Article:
Posts Tagged ‘art’
The image of mine “Two Sides To Every Story” was just recently turned into a meme. The text combined with my selfie pic has created a lot of dialogue raising some important questions on race and beauty. To see some of the comments from people all over the country, click on the top photo.
Here are some of my favorites:
“Ignorance at it’s finest.”-Nikki Brown-Byrant.
“I’m proud that God made me dark skin.”-Taneshia N.Wynn
“Beauty is in the eye of the beholder, there are beautiful women in all races of people and some not so attractive in all races. If everyone looked the same, the world would be a boring place.” – Brenda Bethune
“I hear it all too often…you are pretty to be black (dark skinned) girl!! But the people that say it doesn’t even realize that this stigma stems back all the way to slavery…when our ancestor had children by slave owners.” – April Lucas
Do we know that true beauty is determined by the content of one’s character and not his or her skintone? Too often, I see our youth using this ignorant way of thinking and it’s very upsetting, to say the least. I’ve been working mainly as a sub teacher in the public school district lately, and I see where some students hashtag #teamlightskin #teamdarkskin in their instagram and twitter bios. They don’t even realize they’re perpetuating the same ideals of Willie Lynch, that was intended to hurt our race for generations to come. And when I try to talk to them about it, many of them just shrug it off, make a joke and go to the next simple thing to talk about. THAT’S THE SCARY PART…
How do I get through to them?
Many across the nation have been donating clothes, money and food to the victims of this storm. I know Fema still provides help up until December 15, 2012. I’ve already donated clothes myself. Operation Hat Trick in Atlantic City raises $500,000 for Sandy charities and other great things are going on to help those in need.
I created this self portrait, partially inspired by Deep Cotton‘s Song, “We’re Far Enough From Heaven Now We Can Freak Out” as a fun photo exercise which actually embodies the support we all have been giving. The lyrics “Who will cook? Who will clean? Who you paint the fence?” go hand in hand to what everyone here is doing and has done to help provide.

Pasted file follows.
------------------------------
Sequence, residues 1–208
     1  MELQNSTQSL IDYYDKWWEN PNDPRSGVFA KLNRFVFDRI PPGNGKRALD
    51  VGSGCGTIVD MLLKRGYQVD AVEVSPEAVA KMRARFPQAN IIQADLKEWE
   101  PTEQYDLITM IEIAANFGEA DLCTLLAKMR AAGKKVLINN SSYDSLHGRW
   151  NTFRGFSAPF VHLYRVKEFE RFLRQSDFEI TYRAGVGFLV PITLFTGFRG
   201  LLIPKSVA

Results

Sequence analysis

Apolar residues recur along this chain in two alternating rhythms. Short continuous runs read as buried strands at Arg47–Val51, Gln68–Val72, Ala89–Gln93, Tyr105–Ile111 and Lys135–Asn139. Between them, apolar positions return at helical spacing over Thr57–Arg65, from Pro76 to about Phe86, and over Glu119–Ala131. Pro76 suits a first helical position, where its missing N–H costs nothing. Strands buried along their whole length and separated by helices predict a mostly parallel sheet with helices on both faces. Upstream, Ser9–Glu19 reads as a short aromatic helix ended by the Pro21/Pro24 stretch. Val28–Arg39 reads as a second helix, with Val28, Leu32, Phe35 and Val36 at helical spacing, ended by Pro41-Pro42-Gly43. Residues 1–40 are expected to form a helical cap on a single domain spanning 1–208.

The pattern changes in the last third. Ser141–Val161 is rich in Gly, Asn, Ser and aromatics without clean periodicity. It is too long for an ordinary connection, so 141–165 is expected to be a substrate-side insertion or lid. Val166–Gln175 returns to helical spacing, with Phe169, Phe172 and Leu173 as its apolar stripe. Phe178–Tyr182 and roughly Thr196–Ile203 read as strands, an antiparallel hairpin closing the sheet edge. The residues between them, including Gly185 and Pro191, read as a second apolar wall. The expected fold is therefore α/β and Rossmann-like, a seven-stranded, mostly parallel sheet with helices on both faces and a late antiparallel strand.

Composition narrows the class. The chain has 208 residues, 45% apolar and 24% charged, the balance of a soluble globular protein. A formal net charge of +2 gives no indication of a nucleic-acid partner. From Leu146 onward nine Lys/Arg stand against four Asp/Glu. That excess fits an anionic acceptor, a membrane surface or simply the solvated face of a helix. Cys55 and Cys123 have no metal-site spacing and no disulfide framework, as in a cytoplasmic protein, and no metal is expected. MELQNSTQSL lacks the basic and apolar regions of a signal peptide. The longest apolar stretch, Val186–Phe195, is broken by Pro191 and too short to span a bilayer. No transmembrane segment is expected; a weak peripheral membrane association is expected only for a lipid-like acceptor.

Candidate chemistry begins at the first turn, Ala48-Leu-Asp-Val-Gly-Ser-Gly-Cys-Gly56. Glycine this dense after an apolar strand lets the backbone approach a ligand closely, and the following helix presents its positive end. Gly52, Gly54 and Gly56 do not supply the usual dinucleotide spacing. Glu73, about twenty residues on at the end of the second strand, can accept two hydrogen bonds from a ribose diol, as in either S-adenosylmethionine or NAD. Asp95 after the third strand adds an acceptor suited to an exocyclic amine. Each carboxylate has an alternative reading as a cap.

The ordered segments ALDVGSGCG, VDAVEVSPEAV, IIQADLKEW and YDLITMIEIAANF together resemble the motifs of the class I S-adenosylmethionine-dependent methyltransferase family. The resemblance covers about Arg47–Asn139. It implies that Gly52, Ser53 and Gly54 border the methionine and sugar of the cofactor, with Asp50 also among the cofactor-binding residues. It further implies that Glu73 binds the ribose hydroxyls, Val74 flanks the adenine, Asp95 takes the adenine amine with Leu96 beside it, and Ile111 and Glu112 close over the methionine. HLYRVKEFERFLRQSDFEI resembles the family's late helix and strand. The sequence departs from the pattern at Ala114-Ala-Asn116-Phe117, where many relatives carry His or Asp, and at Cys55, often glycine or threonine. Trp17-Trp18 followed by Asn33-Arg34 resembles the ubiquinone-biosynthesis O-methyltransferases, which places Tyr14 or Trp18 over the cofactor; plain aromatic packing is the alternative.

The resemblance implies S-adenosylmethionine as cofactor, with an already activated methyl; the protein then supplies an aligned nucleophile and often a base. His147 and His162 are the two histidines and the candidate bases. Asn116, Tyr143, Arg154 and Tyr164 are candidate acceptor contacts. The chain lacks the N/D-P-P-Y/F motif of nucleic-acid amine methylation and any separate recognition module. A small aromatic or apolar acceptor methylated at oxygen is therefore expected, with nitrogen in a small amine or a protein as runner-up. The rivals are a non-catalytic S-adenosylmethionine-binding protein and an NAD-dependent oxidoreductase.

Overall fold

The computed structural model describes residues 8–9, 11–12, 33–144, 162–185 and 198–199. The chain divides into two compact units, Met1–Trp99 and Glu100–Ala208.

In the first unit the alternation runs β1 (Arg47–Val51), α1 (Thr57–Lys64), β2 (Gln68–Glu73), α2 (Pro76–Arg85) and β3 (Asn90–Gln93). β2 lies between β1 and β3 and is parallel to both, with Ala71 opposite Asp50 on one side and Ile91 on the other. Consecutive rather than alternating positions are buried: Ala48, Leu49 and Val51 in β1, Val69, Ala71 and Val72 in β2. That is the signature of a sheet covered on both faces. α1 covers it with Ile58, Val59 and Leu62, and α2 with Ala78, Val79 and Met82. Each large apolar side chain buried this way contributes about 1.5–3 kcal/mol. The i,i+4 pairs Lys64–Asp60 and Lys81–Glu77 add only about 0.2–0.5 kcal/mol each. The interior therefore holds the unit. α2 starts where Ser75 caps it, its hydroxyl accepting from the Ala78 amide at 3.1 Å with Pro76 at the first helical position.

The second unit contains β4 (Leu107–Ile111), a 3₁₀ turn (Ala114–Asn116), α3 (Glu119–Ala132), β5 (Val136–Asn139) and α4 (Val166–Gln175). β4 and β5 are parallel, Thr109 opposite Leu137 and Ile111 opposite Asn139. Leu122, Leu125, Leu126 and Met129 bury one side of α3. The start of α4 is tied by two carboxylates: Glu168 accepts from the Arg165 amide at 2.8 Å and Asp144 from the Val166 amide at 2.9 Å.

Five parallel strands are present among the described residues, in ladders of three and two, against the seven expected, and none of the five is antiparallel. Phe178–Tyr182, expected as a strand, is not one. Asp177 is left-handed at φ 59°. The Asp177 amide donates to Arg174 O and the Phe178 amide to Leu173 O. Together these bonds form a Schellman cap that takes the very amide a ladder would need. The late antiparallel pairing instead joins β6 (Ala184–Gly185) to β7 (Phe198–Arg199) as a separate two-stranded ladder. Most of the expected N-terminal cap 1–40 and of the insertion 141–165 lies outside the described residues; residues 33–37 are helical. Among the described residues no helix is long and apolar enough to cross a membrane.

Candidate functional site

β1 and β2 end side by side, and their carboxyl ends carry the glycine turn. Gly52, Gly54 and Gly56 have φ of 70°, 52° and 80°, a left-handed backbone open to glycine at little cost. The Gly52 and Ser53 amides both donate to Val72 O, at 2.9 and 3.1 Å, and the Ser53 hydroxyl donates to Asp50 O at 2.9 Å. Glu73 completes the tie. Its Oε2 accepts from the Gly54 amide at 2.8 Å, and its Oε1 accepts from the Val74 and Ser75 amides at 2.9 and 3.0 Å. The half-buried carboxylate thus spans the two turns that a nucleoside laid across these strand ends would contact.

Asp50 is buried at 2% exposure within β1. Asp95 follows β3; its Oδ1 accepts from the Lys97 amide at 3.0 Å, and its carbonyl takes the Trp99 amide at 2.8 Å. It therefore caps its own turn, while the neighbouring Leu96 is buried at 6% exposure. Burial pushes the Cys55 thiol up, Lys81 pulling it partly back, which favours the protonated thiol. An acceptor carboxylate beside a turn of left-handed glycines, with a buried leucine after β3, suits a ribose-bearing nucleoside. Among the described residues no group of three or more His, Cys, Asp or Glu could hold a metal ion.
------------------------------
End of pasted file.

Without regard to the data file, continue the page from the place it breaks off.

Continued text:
For more info on how you can make a difference, please click on these links below:
Art by Nastassia Davis
Inspired by “Sanbiki No Saru”.
Red shoes w/ Lace Dress
Woman Wearing Red Pumps Sitting In Chair
I attempt to create a time in the early past of last century – albeit ambiguous, through the color, dress, and props. I try to evoke a particular history and politics. With this image, I believe I create an intersection between myself as individual and myself as a historical and political subject.
This was created alone in my apartment with a lamp light, digital camera and self-timer.
Have any thoughts about this photo? Does this make you think of anything in particular? References? Please leave your comments in box below.
I had the awesome opportunity to guest speak about my photography work at the Pleasantville Public Library’s Summer Reading Program. This year’s program includes dozens of fun activities to fit a variety of interest and I was delighted to share my work to the youth, who ranged from ages 9 to 12 years old, as an art photographer.
– My Mac
– Led flashlights for space writing exercise.
– 35mm Canon film camera & Yashica Copal
Before the project, we looked through some old-fashioned camera lenses. As I showed a selection of my digital self portraits, they had some interesting thoughts to share on the work, such as this photo. “Freedom!” “Woman of Justice!” “Someone who stands up for what they believe in!” were some of their responses. I told them no matter the age, young or old, they should always stand up for what is right. Be it in their respective communities or the world, being a leader and positive example for friends, peers and family members is something they should always strive to do.
Now it was time to begin my favorite part of the presentation – creating live art! I showed them this photo and explained the process. Space writing started around 1889 in an attempt to study the movements of human beings to horses. Fast forward to 1949, I showed them the interesting images of Picasso’s light paintings. Each of them were assigned a single letter that they created in the dark. Together the letters form the phrase “Stop The Violence!” which is a message we feel needs to be heard in our hometown of Atlantic City and within the communities across the nation suffering from senseless homicides.
Rest in peace to the victims of the Colorado Movie Theater for Batman. We must do something about gun control in America. I don’t understand how it’s legally possible to obtain a Glock pistol and the AR-15 assault rifle and shoot up a theater of innocent movie-goers. The homicides by the youth in my hometown and crimes like this across America really upset me.
We got to do better. I pray we can find the solutions and work to put them to action soon.